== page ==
Canada Expands Russian Sanctions to Target Russian Military Capacity

March 25, 2022

On March 24, 2022, Canada introduced further sanctions against Russia, introducing new categories of “Restricted Goods” and “Restricted Technologies” that any person in Canada or any Canadian outside of Canada is prohibited from exporting, selling, supplying or shipping to Russia or to any person in Russia. The amendment also provides that any person in Canada or any Canadian in Canada is also prohibited from knowingly doing anything that is intended to cause, facilitate or assist in the export, sale, supply or shipment of such goods.

The goods and technology subject to this new prohibition are wide in scope. They include a range of goods and technology in the areas of electronics, computers, telecommunications, sensors and lasers, navigation and avionics, marine, aerospace and transportation. The specifics of these prohibited goods and technologies are set out in the “Restricted Goods and Technologies List” which can be reviewed here.

The amended regulations do provide some exemptions including goods temporarily exported for use by a representative of the media from Canada or from a “partner country”, goods for use in support of international nuclear safeguards verifications, goods for use in relation to the activities of the International Space Station, software updates for end-users that are civilian entities that are owned, held or controlled by a Canadian, civil aircraft registered in a foreign state that are departing from Canada after a temporary sojourn in Canada or civil aircraft registered in Canada departing for a temporary sojourn abroad, and consumer communication devices that are generally available to the public and designed to be installed by the user without further substantial support. A complete list of the exemptions can be reviewed here.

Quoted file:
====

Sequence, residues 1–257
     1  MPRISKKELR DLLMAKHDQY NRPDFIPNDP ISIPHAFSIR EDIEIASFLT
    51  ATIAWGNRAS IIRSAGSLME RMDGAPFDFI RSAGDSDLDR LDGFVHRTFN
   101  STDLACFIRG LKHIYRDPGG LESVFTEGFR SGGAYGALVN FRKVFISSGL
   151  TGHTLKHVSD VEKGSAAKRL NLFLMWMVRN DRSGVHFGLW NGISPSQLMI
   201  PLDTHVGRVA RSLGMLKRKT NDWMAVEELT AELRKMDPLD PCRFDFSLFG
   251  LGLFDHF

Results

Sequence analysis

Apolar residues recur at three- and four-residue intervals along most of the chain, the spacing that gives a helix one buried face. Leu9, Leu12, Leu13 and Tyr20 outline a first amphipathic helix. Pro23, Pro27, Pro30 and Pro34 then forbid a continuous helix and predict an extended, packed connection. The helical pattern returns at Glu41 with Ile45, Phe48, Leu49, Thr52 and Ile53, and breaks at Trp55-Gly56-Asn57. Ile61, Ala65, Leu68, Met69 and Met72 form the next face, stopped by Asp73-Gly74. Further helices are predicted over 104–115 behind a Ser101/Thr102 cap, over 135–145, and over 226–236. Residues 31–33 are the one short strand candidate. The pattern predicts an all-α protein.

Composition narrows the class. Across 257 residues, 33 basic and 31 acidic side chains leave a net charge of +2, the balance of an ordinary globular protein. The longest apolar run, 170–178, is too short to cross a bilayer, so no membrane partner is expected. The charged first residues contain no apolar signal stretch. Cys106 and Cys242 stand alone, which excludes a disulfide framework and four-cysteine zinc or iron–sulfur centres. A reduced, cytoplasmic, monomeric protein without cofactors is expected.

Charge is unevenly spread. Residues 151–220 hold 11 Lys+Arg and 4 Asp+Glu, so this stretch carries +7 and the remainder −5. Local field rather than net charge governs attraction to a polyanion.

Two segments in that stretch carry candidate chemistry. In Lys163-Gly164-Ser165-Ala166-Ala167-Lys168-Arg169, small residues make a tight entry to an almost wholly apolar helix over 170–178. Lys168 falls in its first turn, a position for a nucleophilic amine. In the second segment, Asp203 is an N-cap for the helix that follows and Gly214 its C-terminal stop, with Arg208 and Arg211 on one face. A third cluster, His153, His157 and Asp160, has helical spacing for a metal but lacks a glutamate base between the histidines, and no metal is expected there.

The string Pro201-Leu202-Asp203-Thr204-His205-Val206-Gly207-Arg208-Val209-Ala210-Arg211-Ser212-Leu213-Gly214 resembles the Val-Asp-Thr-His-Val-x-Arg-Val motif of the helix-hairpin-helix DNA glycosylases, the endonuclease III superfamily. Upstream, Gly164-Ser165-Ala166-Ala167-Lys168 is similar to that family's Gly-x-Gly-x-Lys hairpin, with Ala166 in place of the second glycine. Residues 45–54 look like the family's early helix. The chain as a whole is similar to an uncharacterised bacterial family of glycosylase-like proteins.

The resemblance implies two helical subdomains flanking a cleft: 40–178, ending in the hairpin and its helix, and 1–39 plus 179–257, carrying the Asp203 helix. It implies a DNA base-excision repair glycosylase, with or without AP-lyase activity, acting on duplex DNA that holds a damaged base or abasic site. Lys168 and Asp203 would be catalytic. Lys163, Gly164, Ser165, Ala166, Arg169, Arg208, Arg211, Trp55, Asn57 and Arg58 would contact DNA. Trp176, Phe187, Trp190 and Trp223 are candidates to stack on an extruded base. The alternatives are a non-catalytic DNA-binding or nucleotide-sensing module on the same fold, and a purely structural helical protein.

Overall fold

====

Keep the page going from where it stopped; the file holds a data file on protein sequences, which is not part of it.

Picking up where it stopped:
Our team will continue to monitor the sanctions measures related to Russia, Belarus and Ukraine, providing updates that may impact Canadian business operations. The lawyers at Tereposky & DeRose LLP have significant experience in assisting clients with navigating the parameters of sanctions as well as the design and implementation of sanctions-related compliance programs, including policies, procedures, employee training, and internal control mechanisms. They also regularly assist both Canadian and international businesses, financial institutions, and individuals with internal investigations when “red flags” appear and provide advice on compliance in these areas. Where breaches have occurred, they have worked closely with their clients in making voluntary disclosures and in engaging with the ensuing investigations conducted by the RCMP and Global Affairs Canada.


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